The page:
This is the third part of a blog series from our Fellows of Practice 2020 on how outcomes based contracts are adapting in light of Covid-19 (read the first and second part here). In this piece Inga Afanasieva, Infrastructure Specialist at the World Bank explores how we can focus on outcomes when there is great uncertainty in the world.
When considering why contract for outcomes in these uncertain times, it is fundamentally a question of focusing on achievement of results that everyone has rallied behind vs. prescribing activities in an environment that is becoming increasingly uncertain. I argue that the outcome-based financing structure lends itself to crisis situations because it inherently demands collaborative resolutions by stakeholders towards an outcome. The execution of outcome contracts requires that the incentives of stakeholders – outcome funders, service providers, investors and others – are aligned, and the flexibility of these contracts ensures that the intervention is tuned to the realities on the ground.
The COVID-19 pandemic and the market crisis have exposed the systemic inequalities that existed. What could we do about it?
1. Be more contextual and situational. More than before we should partner with social enterprises because they are well-positioned to respond quickly, and they have long standing connections to the community and platforms through which to deliver goods and services. They are particularly efficient and are committed to targeting vulnerable groups. Social enterprises often work with or contract informal workers which helps keep low-income communities employed, but they can also be an effective mechanism for reaching and assisting these communities during the crisis and help them rebuild their lives post-pandemic.
2. Distribute the risks. COVID is revealing the limitations of markets and the extent to which it can ward off the effects of the pandemic. Of course, a shock like COVID-19 is essentially uninsurable, which leads to skyrocketing risks for impact bonds and early-stage investors backing off, especially commercial investors. This highlights the importance of blended finance in bringing the risk down to manageable levels while continuing to maintain the focus on service delivery to vulnerable groups. Data shows that, in times like these, impact investors and philanthropies ramp up their activity, which could offset the funding gap from commercial sources.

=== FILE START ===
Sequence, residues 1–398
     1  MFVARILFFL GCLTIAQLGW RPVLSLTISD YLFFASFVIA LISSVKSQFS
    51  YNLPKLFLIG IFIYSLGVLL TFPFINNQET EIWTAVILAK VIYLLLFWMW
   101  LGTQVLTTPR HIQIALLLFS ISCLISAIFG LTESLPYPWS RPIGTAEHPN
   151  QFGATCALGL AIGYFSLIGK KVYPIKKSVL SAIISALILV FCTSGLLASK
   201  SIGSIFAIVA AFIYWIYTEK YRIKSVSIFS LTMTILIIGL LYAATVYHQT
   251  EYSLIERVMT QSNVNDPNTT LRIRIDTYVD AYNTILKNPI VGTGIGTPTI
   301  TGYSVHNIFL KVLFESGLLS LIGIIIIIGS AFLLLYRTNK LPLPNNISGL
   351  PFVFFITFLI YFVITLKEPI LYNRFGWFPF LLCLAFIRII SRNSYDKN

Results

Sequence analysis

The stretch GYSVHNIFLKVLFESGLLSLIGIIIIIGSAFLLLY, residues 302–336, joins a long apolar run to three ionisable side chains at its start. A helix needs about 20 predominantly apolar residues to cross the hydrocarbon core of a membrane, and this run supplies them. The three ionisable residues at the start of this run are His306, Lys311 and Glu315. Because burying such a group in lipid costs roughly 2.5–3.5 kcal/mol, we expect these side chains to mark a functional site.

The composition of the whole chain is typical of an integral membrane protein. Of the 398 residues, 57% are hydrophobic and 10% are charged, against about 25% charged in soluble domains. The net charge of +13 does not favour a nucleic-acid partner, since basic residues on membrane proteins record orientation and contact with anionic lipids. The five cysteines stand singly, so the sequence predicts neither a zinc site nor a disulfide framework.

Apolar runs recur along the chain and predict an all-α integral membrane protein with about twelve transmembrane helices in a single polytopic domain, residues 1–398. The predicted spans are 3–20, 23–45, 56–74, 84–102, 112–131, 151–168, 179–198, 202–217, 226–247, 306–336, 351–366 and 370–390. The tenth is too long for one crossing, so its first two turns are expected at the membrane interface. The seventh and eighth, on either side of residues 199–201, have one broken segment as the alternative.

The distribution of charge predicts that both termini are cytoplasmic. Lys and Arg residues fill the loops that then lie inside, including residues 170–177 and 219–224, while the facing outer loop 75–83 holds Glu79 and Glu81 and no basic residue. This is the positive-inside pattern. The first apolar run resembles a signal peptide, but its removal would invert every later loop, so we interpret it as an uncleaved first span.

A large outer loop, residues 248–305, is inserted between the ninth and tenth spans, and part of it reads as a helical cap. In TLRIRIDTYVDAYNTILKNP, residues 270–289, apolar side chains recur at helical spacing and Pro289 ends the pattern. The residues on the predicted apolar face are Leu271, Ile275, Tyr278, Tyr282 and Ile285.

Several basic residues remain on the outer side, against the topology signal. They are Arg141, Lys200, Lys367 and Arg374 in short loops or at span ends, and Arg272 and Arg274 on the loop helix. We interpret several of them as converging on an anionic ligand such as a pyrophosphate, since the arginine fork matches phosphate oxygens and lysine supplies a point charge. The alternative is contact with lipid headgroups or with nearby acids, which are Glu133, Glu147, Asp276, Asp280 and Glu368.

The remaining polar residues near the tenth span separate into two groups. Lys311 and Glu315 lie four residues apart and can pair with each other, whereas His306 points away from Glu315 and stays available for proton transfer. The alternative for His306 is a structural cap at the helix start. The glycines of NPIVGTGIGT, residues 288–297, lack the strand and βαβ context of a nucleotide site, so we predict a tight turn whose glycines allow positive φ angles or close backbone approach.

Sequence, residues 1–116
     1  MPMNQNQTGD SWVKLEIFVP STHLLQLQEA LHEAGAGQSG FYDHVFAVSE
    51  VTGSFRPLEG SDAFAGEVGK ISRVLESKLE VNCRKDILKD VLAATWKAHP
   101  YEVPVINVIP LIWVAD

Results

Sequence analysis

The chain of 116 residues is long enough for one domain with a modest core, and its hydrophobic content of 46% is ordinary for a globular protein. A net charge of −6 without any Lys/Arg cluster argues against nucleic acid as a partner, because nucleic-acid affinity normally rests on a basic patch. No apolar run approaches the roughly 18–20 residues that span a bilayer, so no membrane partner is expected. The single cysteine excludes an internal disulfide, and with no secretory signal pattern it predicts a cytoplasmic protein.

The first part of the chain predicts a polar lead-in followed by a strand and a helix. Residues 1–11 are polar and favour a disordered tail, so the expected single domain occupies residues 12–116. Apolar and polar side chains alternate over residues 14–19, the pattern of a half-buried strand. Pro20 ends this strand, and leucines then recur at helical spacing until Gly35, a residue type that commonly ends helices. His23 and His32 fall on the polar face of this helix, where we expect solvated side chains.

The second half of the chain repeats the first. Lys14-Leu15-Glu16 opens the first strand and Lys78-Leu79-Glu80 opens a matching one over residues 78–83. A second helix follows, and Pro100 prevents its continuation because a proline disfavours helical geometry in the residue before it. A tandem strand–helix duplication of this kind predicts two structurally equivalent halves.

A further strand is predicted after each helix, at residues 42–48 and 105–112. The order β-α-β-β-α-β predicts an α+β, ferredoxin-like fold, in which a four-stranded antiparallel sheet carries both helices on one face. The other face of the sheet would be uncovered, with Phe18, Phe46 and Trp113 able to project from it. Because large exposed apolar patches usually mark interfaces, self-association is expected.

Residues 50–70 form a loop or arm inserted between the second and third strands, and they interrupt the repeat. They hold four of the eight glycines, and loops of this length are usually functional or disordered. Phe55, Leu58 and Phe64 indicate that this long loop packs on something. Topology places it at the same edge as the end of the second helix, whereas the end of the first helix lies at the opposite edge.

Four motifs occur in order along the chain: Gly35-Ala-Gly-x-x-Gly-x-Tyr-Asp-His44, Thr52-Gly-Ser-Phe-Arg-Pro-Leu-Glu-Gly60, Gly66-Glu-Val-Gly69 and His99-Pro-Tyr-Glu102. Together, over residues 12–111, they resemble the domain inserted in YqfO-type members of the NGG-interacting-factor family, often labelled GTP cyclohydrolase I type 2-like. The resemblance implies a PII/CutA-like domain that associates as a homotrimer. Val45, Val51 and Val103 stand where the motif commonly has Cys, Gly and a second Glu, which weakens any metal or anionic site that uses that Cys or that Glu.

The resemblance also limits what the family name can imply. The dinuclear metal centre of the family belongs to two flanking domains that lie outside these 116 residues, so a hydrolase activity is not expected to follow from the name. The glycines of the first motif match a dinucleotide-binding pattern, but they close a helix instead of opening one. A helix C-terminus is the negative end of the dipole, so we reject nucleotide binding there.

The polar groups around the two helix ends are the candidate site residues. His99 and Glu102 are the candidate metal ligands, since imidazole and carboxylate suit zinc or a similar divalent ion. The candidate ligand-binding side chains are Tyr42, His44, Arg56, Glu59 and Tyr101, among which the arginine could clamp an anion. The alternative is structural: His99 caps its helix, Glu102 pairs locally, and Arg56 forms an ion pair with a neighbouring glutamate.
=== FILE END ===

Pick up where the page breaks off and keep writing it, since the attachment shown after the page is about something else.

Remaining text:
3. Advances, temporary fee-for-service arrangements – why not? Outcome-based financing requires an upfront risk capital. Such capital is particularly scarce in the immediate aftermath of the pandemic However, in GPRBA’s experience and experience elsewhere, results-based financing may include an advance, fee for service, and payments against low-tier outputs to help kickstart or keep the operations going.
4. Attach technical assistance (TA) grants to outcome-based financing. A TA associated with an outcome-based financing project will afford stakeholders to explore solutions in a timely manner to events that are difficult to predict. In a world in which natural and humanitarian disasters occur at an increased rate to not plan for one would be a shortsighted.
You can join Inga on Day 2 (2nd September) of this year's online Social Outcomes Conference, she is speaking in the Big picture session on 'Fair-weather friend or tool to weather the storm: Growing an ecosystem for outcomes based partnerships in unpredictable times'. You can explore the programme here.